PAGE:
Observation

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Observation is one of those games that... hm. They’re one of those games that I think make the idea of “A Hideo Kojima Game” seem completely insane to me. I can see all the moving parts in something like Death Stranding to see the hive of incredible creative minds that came together to build that thing, but Observation is the total opposite. Of course, there's a ton of amazing work put in by studio No Code and its seasoned vets, but Observation is so incredibly the vision of its director/writer/art director Jon McKellan and I love it. You might not know him by name but you’re likely familiar with his work if you’ve played Alien: Isolation and enjoyed all of its retro UI. Its core idea of “what if you played as the often-present, often-rogue AI” is a fresh one and the change in perspective makes for some great sequences. The whole run of it will be pretty familiar if you’re big on space thrillers/horror movies but I loved every second of it and the bespoke UI for every section and function of the ship was so much fun to play through. If you check it out, I super recommend just blasting through it in a single playthrough. It’s short enough that it’s doable and I think seeing that whole thing unfold as an uninterrupted experience really made it that much more special.

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The game's been out for a week as of writing this so this might be kinda weird to yak about but honestly I'm having so much with World Flipper that I really wanted to mention it quick. It's a pinball gacha game (yes, actual pinball--not pachinko) from the makers of Granblue Fantasy that, unlike the latter's atrocious browser-based client, is super polished and easy to navigate. You play on really lavish pinball boards made of pixel art, launching your characters at enemies and chaining special attacks together that look super ridiculous and satisfying. It's been so much fun to play and I don't see myself turning on the auto-battle function anytime soon, which is nuts to me considering I've done that within minutes of almost every other mobage I've tried.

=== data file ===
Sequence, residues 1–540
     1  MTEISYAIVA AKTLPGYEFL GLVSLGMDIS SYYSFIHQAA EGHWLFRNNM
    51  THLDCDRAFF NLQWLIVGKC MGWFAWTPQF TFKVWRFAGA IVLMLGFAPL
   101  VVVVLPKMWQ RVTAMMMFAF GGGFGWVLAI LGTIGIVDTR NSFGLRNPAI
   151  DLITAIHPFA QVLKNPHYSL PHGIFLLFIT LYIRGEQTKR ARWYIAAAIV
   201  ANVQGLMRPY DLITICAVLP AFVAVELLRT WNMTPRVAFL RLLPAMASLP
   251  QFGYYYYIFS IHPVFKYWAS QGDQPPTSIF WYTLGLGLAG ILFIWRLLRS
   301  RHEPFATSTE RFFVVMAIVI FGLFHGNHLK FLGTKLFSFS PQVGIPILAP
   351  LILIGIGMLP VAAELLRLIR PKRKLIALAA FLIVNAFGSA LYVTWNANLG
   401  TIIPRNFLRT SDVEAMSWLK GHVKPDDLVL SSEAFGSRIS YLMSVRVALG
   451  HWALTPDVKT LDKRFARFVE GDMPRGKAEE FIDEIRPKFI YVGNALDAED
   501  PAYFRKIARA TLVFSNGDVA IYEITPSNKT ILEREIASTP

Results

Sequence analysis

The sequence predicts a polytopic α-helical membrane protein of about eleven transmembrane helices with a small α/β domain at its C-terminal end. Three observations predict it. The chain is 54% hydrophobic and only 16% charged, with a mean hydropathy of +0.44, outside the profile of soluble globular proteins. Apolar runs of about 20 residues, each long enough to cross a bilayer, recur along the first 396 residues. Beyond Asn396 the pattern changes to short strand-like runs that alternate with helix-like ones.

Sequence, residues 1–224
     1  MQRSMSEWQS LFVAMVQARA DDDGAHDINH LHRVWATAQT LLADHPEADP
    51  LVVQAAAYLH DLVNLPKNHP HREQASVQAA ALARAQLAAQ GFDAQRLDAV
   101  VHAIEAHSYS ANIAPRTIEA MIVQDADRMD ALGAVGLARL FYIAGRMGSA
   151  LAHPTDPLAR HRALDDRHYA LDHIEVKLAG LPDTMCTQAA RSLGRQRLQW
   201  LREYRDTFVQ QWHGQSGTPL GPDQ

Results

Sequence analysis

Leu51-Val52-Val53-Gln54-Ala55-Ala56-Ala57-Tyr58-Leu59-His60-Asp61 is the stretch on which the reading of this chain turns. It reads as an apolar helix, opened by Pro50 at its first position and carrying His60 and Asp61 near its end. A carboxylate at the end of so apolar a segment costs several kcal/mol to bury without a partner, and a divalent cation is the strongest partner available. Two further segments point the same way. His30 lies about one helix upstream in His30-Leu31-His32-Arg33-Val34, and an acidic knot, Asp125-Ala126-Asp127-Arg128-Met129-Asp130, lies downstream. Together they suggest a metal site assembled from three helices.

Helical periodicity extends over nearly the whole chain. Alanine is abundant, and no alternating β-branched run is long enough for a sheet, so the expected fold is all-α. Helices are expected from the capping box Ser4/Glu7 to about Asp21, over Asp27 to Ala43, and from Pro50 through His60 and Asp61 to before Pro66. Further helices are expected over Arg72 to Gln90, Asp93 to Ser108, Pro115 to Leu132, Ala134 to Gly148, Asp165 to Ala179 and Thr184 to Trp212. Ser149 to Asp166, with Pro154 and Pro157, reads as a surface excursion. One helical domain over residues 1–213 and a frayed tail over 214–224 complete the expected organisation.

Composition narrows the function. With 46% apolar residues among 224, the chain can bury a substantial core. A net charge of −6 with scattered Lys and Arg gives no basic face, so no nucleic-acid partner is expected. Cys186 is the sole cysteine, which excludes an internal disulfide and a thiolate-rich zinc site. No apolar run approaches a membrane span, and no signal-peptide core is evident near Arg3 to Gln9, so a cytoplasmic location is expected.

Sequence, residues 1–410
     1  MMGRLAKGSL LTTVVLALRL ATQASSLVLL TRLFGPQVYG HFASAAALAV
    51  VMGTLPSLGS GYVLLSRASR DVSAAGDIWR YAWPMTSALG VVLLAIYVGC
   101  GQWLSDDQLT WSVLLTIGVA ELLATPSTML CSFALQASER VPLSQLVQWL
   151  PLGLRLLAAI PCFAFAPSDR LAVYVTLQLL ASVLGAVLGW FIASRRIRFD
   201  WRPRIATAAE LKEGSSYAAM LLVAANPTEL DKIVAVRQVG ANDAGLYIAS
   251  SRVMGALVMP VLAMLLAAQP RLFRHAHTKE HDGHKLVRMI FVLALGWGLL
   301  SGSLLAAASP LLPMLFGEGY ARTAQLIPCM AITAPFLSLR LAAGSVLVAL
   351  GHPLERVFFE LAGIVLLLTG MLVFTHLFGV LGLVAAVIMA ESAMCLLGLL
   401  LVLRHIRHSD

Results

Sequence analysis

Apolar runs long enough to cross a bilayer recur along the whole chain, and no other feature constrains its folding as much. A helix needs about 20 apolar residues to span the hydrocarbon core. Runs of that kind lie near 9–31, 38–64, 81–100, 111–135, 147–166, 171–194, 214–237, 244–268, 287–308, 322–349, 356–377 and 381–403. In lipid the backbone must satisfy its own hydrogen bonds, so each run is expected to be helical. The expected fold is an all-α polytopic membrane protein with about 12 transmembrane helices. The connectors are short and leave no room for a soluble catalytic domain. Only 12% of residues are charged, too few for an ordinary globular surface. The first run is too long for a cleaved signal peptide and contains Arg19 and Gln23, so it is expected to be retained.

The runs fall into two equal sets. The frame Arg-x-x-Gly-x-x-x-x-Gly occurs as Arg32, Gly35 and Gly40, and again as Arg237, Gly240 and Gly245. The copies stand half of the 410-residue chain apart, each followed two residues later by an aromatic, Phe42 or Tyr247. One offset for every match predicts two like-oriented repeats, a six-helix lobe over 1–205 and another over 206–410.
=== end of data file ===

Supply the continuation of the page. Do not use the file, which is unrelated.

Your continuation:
It's unfortunately only available in Japan but I'm hoping Cygames chooses to localise it. There's a ton of appeal in it, I think, for non-Japanese players. If you’re itching to give it a shot, though, you can pretty easily get it off the JP Play Store on Android and the JP App Store on iOS!

Cool! Now, the real good stuff:

10. WACCA

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Last year I wrote a bit about Chunithm and how it felt fresh to play something decidedly un-Konami, and the blessing it was to see someone else dominate the rhythm game space. It continues this year with the release of WACCA and I couldn’t be happier. WACCA is a rhythm game that is played on a massive touch-screen ring surrounding a circular monitor that shoots notes at you in every direction around said ring. Marvelous Entertainment deciding to weaponize the long-standing Maimai joke of “washing machine game” is a total stroke of genius; it’s unbelievably fun to swoosh your arms up and down a big round drum.